After last Thursday’s parliamentary elections in Jamaica produced decisive but unofficial results, the official tally released yesterday confirmed victory for Portia Simpson-Miller of the opposition People’s National Party (PNP). She unseated Prime Minister Andrew Holness and his Jamaica Labour Party (JLP). In Jamaica’s 63-seat unicameral congress, PNP claimed victory by a two-to-one margin—winning 42 seats to JLP’s 21.
Simpson-Miller previously served as prime minister (March 2006 to September 2007), but handed over power to JLP in the 2007 parliamentary election, ending almost 20 years of consecutive PNP rule. When JLP gained power, it was led by MP Bruce Golding, who held the premiership until he left the post in October 2011 due to unpopularity and a desire for JLP to bring in new leadership before the December 2011 election.
Golding’s low poll rankings stemmed primarily from his decision to agree to extradite drug-lord Christopher “Dudus” Coke to the United States, after a public nine-month campaign appealing to the U.S. to drop the request.
When Golding left office, his education minister, Andrew Holness, became Jamaica’s ninth prime minister. He will now leave the post after only two months on the job—the shortest tenure ever in Jamaica.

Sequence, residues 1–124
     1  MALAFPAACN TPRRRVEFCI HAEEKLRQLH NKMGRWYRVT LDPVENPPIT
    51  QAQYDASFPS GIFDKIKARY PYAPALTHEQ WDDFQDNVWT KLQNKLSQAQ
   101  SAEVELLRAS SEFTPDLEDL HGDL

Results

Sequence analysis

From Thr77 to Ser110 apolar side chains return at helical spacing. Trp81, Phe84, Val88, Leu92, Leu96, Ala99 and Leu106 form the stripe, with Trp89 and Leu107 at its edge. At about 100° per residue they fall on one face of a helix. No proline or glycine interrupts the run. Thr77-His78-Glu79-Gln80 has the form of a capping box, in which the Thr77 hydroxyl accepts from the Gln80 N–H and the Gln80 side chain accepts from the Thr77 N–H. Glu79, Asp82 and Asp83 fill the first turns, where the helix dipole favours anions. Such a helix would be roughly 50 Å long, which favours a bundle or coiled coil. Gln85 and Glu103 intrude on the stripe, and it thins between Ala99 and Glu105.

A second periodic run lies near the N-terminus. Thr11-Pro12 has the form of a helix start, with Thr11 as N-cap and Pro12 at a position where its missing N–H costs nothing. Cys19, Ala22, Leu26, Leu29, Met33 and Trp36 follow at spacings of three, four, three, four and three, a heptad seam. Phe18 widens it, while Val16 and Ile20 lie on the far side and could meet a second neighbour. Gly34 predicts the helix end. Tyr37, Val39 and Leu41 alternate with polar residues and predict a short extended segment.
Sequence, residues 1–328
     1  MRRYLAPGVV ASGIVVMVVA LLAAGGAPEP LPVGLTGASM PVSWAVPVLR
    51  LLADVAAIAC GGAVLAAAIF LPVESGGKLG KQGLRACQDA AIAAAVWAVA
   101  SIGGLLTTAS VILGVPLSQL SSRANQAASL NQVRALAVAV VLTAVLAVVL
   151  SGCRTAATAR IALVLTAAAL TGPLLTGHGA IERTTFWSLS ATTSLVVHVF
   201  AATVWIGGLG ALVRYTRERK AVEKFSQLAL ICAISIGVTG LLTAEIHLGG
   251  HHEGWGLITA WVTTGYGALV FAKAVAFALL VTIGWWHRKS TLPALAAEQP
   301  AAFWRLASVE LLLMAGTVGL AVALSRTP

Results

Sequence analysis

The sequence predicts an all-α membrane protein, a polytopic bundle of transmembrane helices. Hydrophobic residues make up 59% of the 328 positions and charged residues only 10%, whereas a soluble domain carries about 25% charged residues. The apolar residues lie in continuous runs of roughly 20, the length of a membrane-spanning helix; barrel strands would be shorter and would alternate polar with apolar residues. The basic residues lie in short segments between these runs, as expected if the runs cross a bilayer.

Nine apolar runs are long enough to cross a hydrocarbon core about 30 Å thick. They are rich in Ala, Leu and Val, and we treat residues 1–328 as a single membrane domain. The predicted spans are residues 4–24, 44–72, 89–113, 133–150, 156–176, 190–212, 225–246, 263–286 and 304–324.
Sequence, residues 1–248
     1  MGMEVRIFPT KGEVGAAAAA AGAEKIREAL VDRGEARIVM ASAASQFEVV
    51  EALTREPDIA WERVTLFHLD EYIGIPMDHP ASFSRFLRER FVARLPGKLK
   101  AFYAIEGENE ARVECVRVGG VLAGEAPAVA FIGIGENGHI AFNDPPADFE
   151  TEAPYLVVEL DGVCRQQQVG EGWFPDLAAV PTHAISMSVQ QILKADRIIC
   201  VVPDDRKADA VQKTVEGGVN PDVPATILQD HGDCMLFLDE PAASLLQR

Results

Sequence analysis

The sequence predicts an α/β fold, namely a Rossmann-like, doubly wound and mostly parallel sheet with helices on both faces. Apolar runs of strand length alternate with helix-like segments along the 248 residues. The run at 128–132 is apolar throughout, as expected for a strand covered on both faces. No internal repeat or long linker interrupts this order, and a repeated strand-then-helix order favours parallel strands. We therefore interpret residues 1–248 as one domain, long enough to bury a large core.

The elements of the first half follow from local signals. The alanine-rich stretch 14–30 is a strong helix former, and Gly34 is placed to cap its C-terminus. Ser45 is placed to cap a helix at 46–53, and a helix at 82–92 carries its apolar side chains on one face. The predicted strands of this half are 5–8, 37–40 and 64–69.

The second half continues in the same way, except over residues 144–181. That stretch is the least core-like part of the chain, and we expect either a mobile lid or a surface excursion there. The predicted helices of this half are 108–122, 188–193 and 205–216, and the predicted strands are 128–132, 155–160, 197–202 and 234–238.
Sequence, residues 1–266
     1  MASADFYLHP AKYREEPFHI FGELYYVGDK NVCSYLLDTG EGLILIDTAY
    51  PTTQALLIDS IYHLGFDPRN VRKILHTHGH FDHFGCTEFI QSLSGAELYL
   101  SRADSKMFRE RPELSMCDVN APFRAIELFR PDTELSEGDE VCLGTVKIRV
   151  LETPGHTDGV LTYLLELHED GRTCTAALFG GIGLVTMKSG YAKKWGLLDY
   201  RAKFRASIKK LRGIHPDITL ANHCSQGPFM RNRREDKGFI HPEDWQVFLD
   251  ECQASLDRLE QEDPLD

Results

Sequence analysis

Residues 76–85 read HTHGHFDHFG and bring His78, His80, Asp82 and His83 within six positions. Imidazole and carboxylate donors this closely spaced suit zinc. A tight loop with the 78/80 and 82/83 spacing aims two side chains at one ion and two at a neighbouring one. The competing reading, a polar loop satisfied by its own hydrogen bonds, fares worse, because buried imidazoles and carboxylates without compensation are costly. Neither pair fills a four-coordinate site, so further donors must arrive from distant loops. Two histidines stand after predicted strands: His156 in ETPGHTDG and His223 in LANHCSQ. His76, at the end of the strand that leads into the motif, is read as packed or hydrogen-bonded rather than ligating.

On Thursday night, Simpson-Miller said to supporters, “We will be working to move this country forward to achieve growth and development and for job creation. As we move to balance the books, we will be moving to balance people’s lives.” Simpson-Miller will assume the premiership tomorrow afternoon.
In October, Andrew Holness became the ninth prime minister of Jamaica, but also the youngest in its history and the first prime minister born post-1962 independence. Holness, a three-term member of parliament, was formerly the minister of education and the leader of government business in Jamaica’s House of Representatives.
Speculation about a change in leadership first emerged in late September when reports surfaced that Prime Minister Bruce Golding, Holness’ predecessor, had tendered his resignation. Many Jamaicans have offered their individual speculations for the move; while Golding hasn’t addressed any of these directly, he did say in an address to the nation that the challenges of the last four years had taken a toll on him.
The task of prime minister is a daunting one, especially in a nation like Jamaica—a developing country in a global recession. The premier must combat the unacceptable level of crime and violence, the increase in poverty, a high debt-to-GDP ratio, food insecurity, human rights issues—including extrajudicial matters and summary killings—and the state of the education system.
All of these issues are important, but education is a key concern. How will Prime Minister Holness strengthen the education system? Indeed, it is a cornerstone of Jamaica’s national development plan, known as Vision 2030.